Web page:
Substance Use in Women (2 credit hours)

Program Summary:  This course examines the ways in which women may differ from men in substance use and substance use disorder treatment.   The course looks at sex and gender differences related to the use of marijuana, stimulants, MDMA, heroin, prescription drugs, alcohol, and nicotine.   Research on substance use during pregnancy and while breastfeeding is also included.

This course is recommended for social workers, counselors, and therapists and is appropriate for beginning, intermediate, and advanced levels of practice.  

“Book  Open the Course Reading Here.

Course Reading:  Substance Use in Women

Publisher:  National Institute on Drug Abuse Research Report Series

Course Objectives:  To enhance professional practice, values, skills, and knowledge by identifying key issues related to substance use in women.

Learning Objectives:   Compare sex and gender differences in substance use.  Compare sex and gender differences in substance use disorder treatment.  Describe research findings related to women who are pregnant and breastfeeding.  Identify the unique treatment needs for women.

Review our pre-reading study guide.

Course Available Until: April 30, 2025.

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1: _______ differences result from biological factors such as sex chromosomes and hormones.
2: For many years most animal and human research has traditionally used
3: Compared with men, women who are addicted to marijuana have higher rates of
4: Rates of seeking treatment for marijuana use disorder are
5: Women are more likely than men to report using methamphetamines
6: Research suggests that MDMA produces stronger hallucinatory effects in
7: Compared with men, women who use heroin are all of the following except:
8: Women between the ages of ______________ are more likely than women of other age groups to die from a prescription opioid overdose.
9: Comparing people with alcohol use disorders, women have death rates ______________ percent higher than do men, including deaths from suicides, alcohol-related accidents, heart disease, stroke, and liver disease.
10: Symptoms of drug withdrawal in a newborn can develop immediately or up to __________ days after birth.
11: A recent study suggests that cannabis use was more common among pregnant women during the ____________ trimester.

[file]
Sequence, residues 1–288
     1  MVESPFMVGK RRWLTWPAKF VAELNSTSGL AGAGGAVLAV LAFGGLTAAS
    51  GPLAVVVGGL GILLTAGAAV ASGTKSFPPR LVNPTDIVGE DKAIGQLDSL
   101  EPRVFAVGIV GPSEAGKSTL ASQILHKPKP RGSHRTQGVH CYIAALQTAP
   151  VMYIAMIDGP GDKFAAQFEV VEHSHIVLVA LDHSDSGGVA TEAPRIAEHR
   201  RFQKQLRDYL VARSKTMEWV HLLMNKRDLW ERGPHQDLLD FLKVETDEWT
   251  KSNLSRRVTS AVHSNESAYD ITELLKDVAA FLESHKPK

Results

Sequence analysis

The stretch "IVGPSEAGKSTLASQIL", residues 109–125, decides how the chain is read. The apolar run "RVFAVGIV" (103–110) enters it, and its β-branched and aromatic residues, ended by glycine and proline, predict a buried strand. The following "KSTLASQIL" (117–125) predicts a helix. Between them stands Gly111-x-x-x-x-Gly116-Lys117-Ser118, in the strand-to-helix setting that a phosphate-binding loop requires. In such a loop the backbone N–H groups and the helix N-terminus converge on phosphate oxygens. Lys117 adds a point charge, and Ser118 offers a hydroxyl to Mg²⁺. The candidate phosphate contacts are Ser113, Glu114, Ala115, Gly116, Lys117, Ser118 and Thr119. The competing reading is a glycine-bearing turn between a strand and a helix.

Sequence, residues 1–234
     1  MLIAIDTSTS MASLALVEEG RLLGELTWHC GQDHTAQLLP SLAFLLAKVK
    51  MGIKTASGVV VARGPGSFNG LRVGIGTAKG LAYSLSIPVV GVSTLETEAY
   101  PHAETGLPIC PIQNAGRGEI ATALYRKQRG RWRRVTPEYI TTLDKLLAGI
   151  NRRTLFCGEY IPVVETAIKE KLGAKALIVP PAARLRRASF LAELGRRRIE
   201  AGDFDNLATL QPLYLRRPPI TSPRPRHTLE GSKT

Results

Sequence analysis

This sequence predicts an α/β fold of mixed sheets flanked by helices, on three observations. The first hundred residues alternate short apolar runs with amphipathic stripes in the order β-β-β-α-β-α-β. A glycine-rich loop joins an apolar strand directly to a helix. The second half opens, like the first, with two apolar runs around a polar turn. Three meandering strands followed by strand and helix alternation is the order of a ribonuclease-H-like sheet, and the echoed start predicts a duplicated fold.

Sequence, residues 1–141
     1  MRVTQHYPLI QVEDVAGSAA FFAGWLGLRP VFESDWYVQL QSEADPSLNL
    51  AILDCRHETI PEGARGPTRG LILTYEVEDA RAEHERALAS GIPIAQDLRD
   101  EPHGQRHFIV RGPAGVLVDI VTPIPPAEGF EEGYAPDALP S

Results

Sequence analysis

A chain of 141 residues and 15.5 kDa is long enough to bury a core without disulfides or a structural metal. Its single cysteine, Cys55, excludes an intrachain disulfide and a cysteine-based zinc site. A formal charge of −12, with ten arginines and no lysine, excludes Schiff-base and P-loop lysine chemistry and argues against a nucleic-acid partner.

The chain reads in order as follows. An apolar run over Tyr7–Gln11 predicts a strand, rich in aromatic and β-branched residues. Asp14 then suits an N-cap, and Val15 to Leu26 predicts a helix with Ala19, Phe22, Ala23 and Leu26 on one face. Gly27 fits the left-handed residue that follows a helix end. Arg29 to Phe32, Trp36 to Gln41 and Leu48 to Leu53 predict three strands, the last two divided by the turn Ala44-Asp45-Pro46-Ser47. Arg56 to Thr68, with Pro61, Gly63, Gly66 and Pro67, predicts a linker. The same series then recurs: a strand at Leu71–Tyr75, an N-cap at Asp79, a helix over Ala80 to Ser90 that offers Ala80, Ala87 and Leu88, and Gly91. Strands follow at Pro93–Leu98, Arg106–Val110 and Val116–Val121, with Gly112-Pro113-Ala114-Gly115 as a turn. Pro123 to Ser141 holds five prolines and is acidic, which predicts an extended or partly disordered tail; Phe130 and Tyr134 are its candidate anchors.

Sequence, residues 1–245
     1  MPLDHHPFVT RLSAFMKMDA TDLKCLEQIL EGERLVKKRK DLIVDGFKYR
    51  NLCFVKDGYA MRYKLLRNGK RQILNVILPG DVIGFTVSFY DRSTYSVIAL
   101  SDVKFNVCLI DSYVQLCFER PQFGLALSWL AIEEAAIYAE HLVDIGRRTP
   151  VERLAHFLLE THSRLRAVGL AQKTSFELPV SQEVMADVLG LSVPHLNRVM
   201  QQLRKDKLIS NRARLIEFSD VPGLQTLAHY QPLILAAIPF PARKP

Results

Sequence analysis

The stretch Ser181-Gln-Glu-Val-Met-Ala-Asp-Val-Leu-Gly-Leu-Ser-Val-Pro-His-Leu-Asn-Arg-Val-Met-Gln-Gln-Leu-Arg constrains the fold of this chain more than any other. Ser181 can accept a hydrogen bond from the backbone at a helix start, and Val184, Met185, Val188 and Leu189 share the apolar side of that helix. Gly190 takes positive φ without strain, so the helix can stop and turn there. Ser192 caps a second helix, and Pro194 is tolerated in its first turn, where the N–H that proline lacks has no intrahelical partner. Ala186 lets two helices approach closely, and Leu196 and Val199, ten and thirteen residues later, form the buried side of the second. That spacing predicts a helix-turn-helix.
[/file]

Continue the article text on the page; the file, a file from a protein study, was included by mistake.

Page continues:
12: Given the potential of marijuana to negatively impact the developing brain, the ACOG recommends that OBGYNs counsel women against using marijuana
13: One study found that women were about twice as likely to screen positive for marijuana use via
14: Cocaine and its metabolites are still present in the baby's body up to _________ after delivery.
15: Alcohol can disrupt fetal development
16: Nicotine readily crosses the placenta, and concentrations of this drug in the blood of the fetus can be as much as ______________ higher than in the mother.
17: Recent research provides _________ that nicotine is a gateway drug, making the brain more sensitive to the effects of other drugs such as cocaine.
18: There are more ____________ in treatment for substance use disorders.

Women are __________ likely than men to quit smoking and ___________ likely to relapse if they do quit.

20: Many women who are pregnant or have young children do not seek treatment or drop out of treatment early because
21: Pregnant women are more likely to stay in treatment programs if they provide services such as
22: Federal law requires that _____________ receive priority admission into publicly funded substance use disorder treatment programs, allowing them to bypass waiting lists and gain immediate admission when a bed in a residential program is available.
23: For co-occurring mental health and substance use disorders, both disorders should be treated ___________ to improve the likelihood of success.
24: Women are more vulnerable to developing substance use or other mental health disorders following

In order to purchase or take this course, you will need to log in. If you do not have an account, you will need to register for a free account.

After you log in, a link will appear here that will allow you to purchase this course.


Free State Social Work, LLC, provider #1235, is approved as an ACE provider to offer social work continuing education by the Association of Social Work Boards (ASWB) Approved Continuing Education (ACE) program. Regulatory boards are the final authority on courses accepted for continuing education credit. ACE provider approval period: 9/6/2021 - 9/6/2024. Social workers completing this course receive 2 clinical continuing education credits.

Free State Social Work has been approved by NBCC as an Approved Continuing Education Provider, ACEP NO. 6605. Programs that do not qualify for NBCC credit are clearly identified. Free State Social Work is solely responsible for all aspects of the programs.

G.M. Rydberg-Cox, MSW, LSCSW is the Continuing Education Director at Free State Social Work and responsible for the development of this course.  She received her Masters of Social Work in 1996 from the Jane Addams School of Social Work at the University of Illinois-Chicago and she has over 20 years of experience.  She has lived and worked as a social worker in Chicago, Boston, and Kansas City. She has practiced for many years in the area of hospital/medical social work.  The reading materials for this course were developed by another organization.